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Managing Client Protection : Microsoft Forefront Client Security

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In beta at the time of this writing, Microsoft Forefront Client Security (FCS) is enterprise security software that provides protection from malware in addition to many other threats. While Windows Defender is designed for consumers and small businesses, FCS is designed to be deployed throughout large networks and managed efficiently. As shown in Figure 1, you can use FCS to centrally manage client security.
Figure 1. You can use FCS to centrally manage client security.

Microsoft Forefront products are designed to provide defense-in-depth by protecting desktops, laptops, and server operating systems. Forefront currently consists of the following products:

  • Microsoft Forefront Client Security

  • Microsoft Forefront Security for Exchange Server (formerly called Microsoft Antigen for Exchange)

  • Microsoft Forefront Security for SharePoint (formerly called Antigen for SharePoint)

  • Microsoft Forefront Security for Office Communications Server (formerly called Antigen for Instant Messaging)

  • Microsoft Internet Security and Acceleration (ISA) Server 2006

Of these products, only FCS would be deployed to Windows Vista or Windows XP client computers. The other products would typically be deployed on servers to protect applications, networks, and infrastructure.

Enterprise management of anti-malware software is useful for:

  • Centralized policy management.

  • Alerting and reporting on malware threats in your environment.

  • Comprehensive insight into the security state of your environment, including patch status and up-to-date signatures.

FCS provides a simple user interface for creating policies that you can automatically distribute to organizational units (OUs) and security groups by using Group Policy objects. Clients also centrally report their status so that administrators can view the overall status of client security in the enterprise, as shown in Figure 2.

Figure 2. FCS provides centralized client security status.

With FCS, administrators can view statistics ranging from domain-wide to specific groups of computers or individual computers to understand the impact of specific threats. In other words, if malware does infect computers in your organization, you can easily discover the infection, isolate the affected computers, and then take steps to resolve the problems.

FCS also provides a client-side user interface. Similar to Windows Defender, FCS can warn users if an application attempts to make potentially malicious changes, or if it detects known malware attempting to run. The key differences between Defender and FCS are:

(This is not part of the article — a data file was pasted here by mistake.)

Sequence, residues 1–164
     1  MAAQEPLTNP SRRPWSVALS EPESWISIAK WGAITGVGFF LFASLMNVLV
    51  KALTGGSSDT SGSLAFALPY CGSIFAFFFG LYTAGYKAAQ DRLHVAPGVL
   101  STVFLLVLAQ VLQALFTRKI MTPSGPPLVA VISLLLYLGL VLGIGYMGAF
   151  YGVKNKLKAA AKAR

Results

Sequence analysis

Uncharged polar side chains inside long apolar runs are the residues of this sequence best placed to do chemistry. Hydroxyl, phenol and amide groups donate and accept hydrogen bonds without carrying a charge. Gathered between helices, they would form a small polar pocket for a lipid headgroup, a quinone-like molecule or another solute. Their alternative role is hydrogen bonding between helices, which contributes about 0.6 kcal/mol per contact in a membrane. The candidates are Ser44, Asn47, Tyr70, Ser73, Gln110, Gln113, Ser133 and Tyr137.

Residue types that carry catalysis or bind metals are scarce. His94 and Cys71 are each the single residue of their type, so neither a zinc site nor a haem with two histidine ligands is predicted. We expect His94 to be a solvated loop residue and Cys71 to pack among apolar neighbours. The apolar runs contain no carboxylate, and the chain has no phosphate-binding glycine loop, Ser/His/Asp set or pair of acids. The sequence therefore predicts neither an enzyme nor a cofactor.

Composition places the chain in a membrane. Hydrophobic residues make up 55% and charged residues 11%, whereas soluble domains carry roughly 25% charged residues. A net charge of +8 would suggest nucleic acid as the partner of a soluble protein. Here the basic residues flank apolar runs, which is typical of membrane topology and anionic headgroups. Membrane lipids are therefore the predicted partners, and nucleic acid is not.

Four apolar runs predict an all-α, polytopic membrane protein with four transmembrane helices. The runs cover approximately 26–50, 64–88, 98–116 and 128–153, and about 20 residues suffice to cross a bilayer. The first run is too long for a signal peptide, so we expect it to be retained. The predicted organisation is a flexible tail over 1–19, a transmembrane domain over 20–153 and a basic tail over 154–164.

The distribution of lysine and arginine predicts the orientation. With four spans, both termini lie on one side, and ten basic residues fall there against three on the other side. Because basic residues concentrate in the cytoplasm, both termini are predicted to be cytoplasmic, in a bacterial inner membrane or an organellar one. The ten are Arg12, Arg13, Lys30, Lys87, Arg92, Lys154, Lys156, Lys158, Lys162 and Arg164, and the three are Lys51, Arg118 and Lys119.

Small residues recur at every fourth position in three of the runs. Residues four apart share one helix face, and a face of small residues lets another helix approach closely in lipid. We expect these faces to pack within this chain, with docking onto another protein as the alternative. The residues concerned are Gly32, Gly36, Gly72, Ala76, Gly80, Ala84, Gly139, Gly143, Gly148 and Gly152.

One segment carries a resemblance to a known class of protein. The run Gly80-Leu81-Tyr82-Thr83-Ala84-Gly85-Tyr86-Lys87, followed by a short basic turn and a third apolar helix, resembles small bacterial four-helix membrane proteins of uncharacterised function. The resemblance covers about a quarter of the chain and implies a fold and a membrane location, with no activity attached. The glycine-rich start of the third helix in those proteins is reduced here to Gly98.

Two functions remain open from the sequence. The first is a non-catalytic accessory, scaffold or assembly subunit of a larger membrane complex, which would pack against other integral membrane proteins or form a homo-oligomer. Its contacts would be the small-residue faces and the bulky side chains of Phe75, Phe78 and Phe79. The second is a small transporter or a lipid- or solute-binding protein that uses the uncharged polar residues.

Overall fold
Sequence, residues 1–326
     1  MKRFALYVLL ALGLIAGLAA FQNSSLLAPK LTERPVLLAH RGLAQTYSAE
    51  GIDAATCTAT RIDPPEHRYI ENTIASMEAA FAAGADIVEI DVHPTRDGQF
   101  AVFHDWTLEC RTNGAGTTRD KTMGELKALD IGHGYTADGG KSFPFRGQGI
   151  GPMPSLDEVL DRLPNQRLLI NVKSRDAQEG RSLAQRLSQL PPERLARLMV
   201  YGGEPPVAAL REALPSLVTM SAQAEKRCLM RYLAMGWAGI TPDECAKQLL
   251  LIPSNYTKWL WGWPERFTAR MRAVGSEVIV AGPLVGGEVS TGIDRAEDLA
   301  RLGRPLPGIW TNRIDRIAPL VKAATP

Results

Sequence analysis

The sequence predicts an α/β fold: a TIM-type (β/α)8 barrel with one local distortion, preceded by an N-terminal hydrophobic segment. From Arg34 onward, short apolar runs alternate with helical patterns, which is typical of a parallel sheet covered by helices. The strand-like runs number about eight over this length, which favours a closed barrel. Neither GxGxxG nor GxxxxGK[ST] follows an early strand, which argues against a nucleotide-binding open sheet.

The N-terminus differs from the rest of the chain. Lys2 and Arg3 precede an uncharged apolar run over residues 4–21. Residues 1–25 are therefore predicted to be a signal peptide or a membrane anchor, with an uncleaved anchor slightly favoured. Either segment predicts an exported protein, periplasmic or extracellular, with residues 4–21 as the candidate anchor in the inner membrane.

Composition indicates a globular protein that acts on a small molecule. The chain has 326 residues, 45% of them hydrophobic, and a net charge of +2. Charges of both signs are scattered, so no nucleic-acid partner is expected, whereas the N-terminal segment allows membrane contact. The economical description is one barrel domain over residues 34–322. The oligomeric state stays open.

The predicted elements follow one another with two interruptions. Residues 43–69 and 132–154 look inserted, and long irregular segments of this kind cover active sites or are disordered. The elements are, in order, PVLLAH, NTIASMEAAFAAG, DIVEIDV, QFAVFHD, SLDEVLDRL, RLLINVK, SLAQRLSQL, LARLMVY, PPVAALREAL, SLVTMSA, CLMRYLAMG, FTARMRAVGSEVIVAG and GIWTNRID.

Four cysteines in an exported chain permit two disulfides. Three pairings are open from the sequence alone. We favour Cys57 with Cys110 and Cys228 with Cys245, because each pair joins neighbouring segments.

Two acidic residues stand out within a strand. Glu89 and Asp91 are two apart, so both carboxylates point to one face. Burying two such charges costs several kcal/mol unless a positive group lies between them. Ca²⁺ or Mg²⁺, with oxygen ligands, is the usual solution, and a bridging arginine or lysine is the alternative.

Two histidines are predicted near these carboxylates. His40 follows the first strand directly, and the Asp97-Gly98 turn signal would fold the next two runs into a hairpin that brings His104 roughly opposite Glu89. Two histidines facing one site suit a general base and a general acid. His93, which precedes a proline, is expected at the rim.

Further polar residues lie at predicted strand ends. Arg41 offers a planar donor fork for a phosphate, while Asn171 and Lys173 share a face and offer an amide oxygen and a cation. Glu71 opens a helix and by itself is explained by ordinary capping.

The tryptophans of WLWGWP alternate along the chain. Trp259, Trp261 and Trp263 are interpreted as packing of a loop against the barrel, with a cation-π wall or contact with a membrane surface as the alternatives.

• FCS is centrally managed FCS is designed for use in medium and large networks. Administrators can use the central management console to view a summary of current threats and vulnerabilities, computers that need to be updated, and computers that are currently having security problems. Windows Defender is designed for home computers and small offices only, and threats must be managed on local computers.

  • FCS is highly configurable You can configure automated responses to alerts, and, for example, prevent users from running known malware instead of giving them the opportunity to override a warning as they can do with Windows Defender.

  • FCS protects against all types of malware Windows Defender is designed to protect against spyware. Forefront protects against spyware, viruses, rootkits, worms, and Trojan horses. If you use Windows Defender, you need another application to protect against the additional threats.

  • FCS can protect a wider variety of Windows platforms FCS is designed to protect Windows 2000, Windows XP, Windows Server 2003, and Windows Vista computers. Windows Defender can only protect Windows XP and Windows Vista computers.

Like Windows Defender, FCS supports using WSUS to distribute updated signatures to client computers, but FCS also supports using third-party software distribution systems. For more information about FCS, visit http://www.microsoft.com/forefront/.

Note

Microsoft offers a third client security solution: Windows Live OneCare. Windows Live OneCare is designed to help protect home computers and small businesses with antivirus, antispyware, improved firewall software, performance monitoring, and backup and restore assistance. For more information, visit http://www.windowsonecare.com/.

Other -----------------
- Managing Client Protection : Using Windows Defender (part 2)
- Managing Client Protection : Using Windows Defender (part 1)
- Securing the Workstation : Beginning with Basic Security
- Managing Client Protection : User Account Control (part 4) - How to Configure User Account Control
- Managing Client Protection : User Account Control (part 3) - UAC Virtualization, UAC and Startup Programs, Compatibility Problems with UAC
- Managing Client Protection : User Account Control (part 2) - UAC User Interface, How Windows Vista Determines Whether an Application Needs Administrative Privileges
- Managing Client Protection : User Account Control (part 1) - UAC for Standard Users, UAC for Administrators
- Maintaining Desktop Health : Using Task Scheduler (part 5) - Scheduled Tasks Events, Troubleshooting Task Scheduler
- Maintaining Desktop Health : Using Task Scheduler (part 4) - Managing Tasks
- Maintaining Desktop Health : Using Task Scheduler (part 3) - Creating New Tasks
 
 
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